Is Marty Baron, the storied executive editor of The Washington Post preparing to step down?

The rumor of Baron’s impending departure, either late this year or in early 2021, has been circulating through the paper’s newsroom for at least the past four months, prompting active speculation about who might succeed him.

Baron’s retirement, presumably at age 66—after eight years on the job and more than two decades of leading newsrooms at the Post, the Miami Herald and the Boston Globe—would constitute a massive transformation almost as disruptive as the Graham family’s sale of the paper, after 80 years of ownership, to Amazon billionaire Jeff Bezos. Baron is such a luminary in journalism circles, he was portrayed by Liev Shreiber in the Oscar-winning movie Spotlight. 

Since he became the Post’s top editor in January 2013—seven months before Bezos’s $250 million purchase—Baron has presided over 10 Pulitzer Prizes and overseen a journalistic renaissance at a newspaper that had undergone a series of painful staff reductions before Bezos showed up and invested money and technological expertise into his new media property. Baron has said that the Post is not dependent on Bezos’ largesse and currently turns a profit.                     

Around the time that Baron turned 65 last October, he met with a group of Post editors who came away with the impression—from his answer to a question from one of them—that he just had shared his plans to retire after this year’s presidential election and before the 2021 inauguration, according to multiple Post staffers who spoke to The Daily Beast.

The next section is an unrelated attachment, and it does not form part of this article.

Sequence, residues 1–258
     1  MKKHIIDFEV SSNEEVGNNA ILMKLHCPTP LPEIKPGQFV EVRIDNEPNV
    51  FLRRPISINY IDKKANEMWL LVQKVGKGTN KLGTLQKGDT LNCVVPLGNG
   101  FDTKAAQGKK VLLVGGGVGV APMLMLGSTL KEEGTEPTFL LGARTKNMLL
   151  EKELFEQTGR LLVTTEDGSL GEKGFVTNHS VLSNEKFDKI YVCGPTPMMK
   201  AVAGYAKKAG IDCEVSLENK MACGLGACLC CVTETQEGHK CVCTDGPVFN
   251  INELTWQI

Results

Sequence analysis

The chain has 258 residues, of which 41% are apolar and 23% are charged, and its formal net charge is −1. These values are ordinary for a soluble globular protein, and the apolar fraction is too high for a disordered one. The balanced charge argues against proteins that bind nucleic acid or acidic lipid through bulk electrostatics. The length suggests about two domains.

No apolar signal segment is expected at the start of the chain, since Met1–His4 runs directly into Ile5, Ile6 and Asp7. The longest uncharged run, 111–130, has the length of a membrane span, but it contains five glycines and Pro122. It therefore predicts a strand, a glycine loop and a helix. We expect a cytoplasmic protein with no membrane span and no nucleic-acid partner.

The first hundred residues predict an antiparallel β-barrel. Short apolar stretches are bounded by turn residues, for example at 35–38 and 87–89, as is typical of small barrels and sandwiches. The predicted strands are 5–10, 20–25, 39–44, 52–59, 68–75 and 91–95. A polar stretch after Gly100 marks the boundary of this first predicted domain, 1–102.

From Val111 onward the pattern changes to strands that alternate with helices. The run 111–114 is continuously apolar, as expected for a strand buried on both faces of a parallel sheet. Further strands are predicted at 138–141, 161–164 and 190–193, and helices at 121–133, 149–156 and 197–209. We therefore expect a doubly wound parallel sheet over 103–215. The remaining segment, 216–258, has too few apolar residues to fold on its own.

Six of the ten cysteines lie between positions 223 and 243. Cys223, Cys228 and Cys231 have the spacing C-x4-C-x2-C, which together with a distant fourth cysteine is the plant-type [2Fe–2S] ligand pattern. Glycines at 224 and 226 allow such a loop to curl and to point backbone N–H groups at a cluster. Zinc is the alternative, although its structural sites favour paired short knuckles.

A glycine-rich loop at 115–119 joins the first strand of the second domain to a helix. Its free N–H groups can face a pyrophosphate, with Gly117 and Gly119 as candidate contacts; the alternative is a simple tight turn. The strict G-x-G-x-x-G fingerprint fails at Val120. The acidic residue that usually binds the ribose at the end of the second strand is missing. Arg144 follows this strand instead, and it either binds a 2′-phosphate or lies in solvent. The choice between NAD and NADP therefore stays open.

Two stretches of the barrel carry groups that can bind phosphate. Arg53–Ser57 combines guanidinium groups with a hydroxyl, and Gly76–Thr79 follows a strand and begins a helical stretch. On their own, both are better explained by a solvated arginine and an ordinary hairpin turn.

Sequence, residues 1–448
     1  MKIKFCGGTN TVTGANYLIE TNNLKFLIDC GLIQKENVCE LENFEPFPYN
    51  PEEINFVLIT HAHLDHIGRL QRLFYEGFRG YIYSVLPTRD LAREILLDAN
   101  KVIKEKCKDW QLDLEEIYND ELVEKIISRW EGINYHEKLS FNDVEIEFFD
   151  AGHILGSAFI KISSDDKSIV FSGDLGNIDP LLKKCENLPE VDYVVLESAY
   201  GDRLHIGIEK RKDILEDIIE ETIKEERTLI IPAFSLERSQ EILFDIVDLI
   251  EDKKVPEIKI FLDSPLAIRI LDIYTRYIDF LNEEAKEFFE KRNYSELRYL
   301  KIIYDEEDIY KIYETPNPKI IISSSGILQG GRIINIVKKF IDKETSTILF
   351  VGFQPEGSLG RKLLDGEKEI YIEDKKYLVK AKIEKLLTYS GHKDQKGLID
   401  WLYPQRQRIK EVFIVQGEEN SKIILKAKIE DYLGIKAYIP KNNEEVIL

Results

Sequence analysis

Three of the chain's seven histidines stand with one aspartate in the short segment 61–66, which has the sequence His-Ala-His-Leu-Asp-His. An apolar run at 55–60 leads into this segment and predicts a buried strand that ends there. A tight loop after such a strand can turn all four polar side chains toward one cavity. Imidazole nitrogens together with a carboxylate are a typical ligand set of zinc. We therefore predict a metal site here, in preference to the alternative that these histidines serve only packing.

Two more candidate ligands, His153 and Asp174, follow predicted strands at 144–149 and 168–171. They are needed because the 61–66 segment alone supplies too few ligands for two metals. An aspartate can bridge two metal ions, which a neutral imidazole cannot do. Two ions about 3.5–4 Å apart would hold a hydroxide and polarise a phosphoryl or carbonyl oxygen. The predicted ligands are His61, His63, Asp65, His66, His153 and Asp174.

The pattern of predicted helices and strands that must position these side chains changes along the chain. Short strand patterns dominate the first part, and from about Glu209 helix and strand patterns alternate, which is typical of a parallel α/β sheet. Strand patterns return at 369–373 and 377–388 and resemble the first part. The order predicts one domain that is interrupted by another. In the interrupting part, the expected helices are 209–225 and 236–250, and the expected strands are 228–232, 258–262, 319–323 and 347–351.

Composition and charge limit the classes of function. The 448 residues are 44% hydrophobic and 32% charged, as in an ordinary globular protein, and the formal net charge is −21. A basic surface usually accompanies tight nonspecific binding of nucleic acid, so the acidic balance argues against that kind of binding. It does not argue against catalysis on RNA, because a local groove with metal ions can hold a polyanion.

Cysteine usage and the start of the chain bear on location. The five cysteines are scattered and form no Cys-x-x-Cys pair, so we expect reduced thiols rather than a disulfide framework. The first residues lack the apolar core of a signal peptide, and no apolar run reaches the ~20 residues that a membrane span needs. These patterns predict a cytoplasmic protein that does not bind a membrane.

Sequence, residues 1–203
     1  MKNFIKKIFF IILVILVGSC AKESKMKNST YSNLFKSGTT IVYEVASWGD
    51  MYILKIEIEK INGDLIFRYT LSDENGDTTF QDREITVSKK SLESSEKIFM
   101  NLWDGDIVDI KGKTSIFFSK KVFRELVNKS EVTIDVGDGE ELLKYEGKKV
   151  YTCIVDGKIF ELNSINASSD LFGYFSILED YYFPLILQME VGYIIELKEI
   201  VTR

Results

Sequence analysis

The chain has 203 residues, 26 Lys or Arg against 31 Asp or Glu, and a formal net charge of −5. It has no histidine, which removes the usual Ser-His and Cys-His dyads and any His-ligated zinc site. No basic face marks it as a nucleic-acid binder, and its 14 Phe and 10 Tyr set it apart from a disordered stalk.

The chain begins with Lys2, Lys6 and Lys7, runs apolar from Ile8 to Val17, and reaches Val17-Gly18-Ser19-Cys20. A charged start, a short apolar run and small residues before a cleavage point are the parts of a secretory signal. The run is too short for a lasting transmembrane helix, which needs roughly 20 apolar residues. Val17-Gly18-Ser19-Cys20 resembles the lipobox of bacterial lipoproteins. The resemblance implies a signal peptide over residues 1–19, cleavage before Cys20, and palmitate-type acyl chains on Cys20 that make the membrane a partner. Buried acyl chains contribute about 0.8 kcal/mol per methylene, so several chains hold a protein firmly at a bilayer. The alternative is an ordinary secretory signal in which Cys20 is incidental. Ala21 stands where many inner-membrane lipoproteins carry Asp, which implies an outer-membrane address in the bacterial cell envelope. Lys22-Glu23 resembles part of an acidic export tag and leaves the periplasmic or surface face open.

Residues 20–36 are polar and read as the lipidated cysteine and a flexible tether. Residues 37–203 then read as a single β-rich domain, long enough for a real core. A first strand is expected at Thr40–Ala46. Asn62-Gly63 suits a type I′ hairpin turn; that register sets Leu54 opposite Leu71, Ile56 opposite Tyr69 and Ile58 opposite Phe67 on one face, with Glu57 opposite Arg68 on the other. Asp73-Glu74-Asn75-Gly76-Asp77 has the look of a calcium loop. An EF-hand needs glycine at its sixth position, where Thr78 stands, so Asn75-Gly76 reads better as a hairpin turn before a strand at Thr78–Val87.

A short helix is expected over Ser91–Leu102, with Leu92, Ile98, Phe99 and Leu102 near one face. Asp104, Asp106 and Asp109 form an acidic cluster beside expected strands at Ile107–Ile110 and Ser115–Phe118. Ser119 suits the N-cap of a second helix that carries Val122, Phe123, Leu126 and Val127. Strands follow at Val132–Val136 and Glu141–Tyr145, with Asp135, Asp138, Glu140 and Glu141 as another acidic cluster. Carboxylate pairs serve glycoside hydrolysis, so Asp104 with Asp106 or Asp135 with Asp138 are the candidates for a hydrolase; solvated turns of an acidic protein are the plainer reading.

A Post staffer who spoke more recently to Baron about his retirement plans, meanwhile, said he offered a more expansive timeline for his departure.

“He said he will be here at least through the next inauguration—that’s what he assured me,” said this staffer, who, like others who spoke to The Daily Beast, asked not to be identified because they are not authorized to comment on sensitive personnel matters. “Maybe he was pretending that he was still thinking it over, but he sounded like he didn’t want to stay past that… It could also be something that could be announced after the election.”

In emails to The Daily Beast, however, Baron insisted that he’s made no hard and fast decisions about the timing of his retirement and cited his July 2019 statement to Politico’s Michael Calderone that he’s “‘definitely staying through the 2020 election,’ but says he’s ‘made no decision beyond that and have committed to giving plenty of notice when I do decide it is time to retire.’”

“That statement captures what I said then and have said consistently since,” Baron emailed, adding, “No, I haven’t changed anything. I’ve been consistent all along.”

Yet, in private conversations with staffers, Baron has not been coy about his intention to move on in the relatively near future.

“Marty has been saying he’s gonna retire for the past three years,” said one Post staffer. “He said he was gonna retire on his 65th birthday. I asked him once, ‘Can you really walk away from this at this time, when all these things are happening?’ And he answered, ‘You know, I’ve been the leader of one news organization or another for a very long time.’”